Mysterioso Pizzicato, also known as The Villain or The Villain's Theme, is a piece of music whose earliest known publication was in 1914, when it appeared in an early collection of incidental photoplay music aimed at accompanists for silent films. The main motif, with minor variations, has become a well-known and widely used device (or "cliche"), incorporated into various other musical works, and the scores of films, TV programmes and video games, as well as unnotated indications in film scripts.
Both a character theme (the "traditional 'bad-guy' cue") and situation theme, it is used to herald foreboding or disaster and to represent villainy, sneakiness, or stealth. A version of this theme is contrasted with themes such as the hero's (Play (help·info)).
Various versions have in common staccato notes, or a note-rest pattern, in imitation of the short sustain of string pizzicato. They share a minor key, considered more sad or ominous. They begin with a staccato ascending arpeggio, reach a tremolo or trill on the minor submediant (♭6), and then descend through faster step-wise melodic motion.
The tune appeared as no. 89 in The Remick Folio of Moving Picture Music, vol. I, compiled and edited by the Danish-American composer J. Bodewalt Lampe and published on March 24, 1914 by Jerome H. Remick & Co., New York and Detroit. It is unclear whether Lampe himself was the composer or transcriber of the piece. It also bears a resemblance to part of John Stepan Zamecnik's 1913 composition Mysterious - Burglar Music 1, which appeared in Sam Fox Moving Picture Music volume 1, a widely distributed collection of silent film music. It has been described as reflecting "the tradition of stealthy tremolos that marked the entrance of villains in 19th century stage melodrama". By 1917 the idea of villain's motifs in general, or variants of the specific motif, was established well enough for an author to warn against the, "monotonous and wearisome," overuse of the motif, "whenever [the villain] is seen. Other motifs used to indicate villainy or danger include the second section of "Hearts and Flowers" (1893).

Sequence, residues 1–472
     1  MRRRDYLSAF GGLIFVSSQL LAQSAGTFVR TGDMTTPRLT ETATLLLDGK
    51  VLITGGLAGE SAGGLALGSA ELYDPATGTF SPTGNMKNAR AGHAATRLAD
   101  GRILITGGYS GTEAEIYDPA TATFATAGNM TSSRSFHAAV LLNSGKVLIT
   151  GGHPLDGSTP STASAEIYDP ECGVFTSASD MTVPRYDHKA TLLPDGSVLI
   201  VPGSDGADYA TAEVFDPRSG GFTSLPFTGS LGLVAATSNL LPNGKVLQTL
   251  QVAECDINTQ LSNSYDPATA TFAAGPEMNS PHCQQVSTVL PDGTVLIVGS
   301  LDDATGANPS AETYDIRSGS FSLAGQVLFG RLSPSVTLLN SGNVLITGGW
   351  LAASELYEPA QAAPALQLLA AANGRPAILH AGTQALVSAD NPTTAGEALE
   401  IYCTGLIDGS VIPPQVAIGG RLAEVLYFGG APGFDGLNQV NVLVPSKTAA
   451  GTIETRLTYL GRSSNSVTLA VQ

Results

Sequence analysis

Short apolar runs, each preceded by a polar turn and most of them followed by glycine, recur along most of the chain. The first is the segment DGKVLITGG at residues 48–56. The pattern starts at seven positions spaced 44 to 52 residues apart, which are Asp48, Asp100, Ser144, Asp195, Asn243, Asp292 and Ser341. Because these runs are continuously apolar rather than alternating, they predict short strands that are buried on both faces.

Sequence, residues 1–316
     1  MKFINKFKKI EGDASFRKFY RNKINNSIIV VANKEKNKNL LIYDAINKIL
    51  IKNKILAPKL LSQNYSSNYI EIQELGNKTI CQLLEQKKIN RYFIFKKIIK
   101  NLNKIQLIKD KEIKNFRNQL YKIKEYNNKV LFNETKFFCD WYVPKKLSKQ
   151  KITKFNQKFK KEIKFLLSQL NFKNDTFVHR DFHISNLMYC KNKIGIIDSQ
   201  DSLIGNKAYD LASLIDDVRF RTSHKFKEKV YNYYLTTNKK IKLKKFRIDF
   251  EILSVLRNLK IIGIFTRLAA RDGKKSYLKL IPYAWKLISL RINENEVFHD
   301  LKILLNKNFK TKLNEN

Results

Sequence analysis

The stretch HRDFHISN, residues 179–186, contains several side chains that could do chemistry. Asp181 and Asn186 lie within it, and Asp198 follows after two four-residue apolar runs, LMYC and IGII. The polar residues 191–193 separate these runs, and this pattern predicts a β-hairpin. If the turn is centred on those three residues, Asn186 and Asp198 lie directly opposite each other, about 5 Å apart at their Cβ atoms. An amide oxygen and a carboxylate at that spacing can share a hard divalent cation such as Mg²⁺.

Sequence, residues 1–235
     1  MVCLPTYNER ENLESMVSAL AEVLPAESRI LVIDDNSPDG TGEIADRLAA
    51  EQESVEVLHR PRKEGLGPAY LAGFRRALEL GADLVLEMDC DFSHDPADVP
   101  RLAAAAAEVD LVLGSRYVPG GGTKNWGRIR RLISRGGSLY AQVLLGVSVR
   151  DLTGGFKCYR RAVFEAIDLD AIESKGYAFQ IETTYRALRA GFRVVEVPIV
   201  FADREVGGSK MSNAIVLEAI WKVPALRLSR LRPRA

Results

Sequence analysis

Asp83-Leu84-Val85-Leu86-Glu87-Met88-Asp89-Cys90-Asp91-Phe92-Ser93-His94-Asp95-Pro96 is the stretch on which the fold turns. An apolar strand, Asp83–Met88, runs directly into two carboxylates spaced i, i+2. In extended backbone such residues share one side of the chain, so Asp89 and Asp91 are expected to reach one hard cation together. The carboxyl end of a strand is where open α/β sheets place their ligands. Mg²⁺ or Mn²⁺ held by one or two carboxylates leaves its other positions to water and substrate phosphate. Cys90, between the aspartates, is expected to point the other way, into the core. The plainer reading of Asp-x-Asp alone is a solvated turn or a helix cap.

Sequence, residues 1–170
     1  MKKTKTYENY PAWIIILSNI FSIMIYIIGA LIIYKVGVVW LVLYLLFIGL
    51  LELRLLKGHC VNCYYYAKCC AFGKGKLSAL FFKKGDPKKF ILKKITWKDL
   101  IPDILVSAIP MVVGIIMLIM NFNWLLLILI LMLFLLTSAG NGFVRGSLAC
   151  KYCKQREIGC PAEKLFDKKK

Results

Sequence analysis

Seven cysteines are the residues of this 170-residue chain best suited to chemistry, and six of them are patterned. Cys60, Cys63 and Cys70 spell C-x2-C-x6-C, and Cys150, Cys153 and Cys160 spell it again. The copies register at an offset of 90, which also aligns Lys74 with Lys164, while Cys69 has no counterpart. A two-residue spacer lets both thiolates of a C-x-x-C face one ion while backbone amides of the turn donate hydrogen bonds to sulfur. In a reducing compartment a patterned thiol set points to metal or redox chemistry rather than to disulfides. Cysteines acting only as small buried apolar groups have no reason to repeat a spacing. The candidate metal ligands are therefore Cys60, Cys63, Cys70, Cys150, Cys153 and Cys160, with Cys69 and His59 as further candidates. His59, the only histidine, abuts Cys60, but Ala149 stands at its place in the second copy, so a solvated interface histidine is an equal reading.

Mysterioso Pizzicato has seen "hundreds of tongue-in-cheek uses" in features and cartoons. The melody appears prominently in the first Disney Silly Symphonies cartoon, Skeleton Dance (1929) with music composed by Carl Stalling. Irving Berlin used a version of it in his 1921 Music Box Revue show to accompany the entrance of a band of burglars. In the 1931 Van Beuren Studios animated short Making 'Em Move it is first used to produce a 'false sense of foreboding' as a curious visitor enters the animation factory, and then again to accompany the villain in a cartoon-within-a-cartoon, and at both points the animation is Mickey Moused to synchronise the character's movements with the music. The entrance is:
The motif is referenced in a number of Max Steiner's film scores, including The Adventures of Mark Twain (1944) in which it forms part of "the low instrumental buffoonery illustrating an afternoon of frog-catching". One use in popular music was by Frank Zappa, who incorporated the riff into live performances of his song "Zomby Woof". It is also used as an opening riff for Avenged Sevenfold's song "Reminissions" on their album Waking the Fallen and on The Sonics' 1965 song "Strychnine."
In the graphic adventure game King's Quest VI: Heir Today, Gone Tomorrow, the tune is used as the background music for one area of the Isle of Wonder, specifically the tune to the character Bookworm. It is also used as boss encounter music in the Rareware video game Wizards and Warriors.
Anna Russell, in her traversal of Wagner's Ring Cycle, uses the cue to represent the curse placed by Alberich on the magic ring, before realizing her mistake and saying "That's the wrong curse, isn't it."
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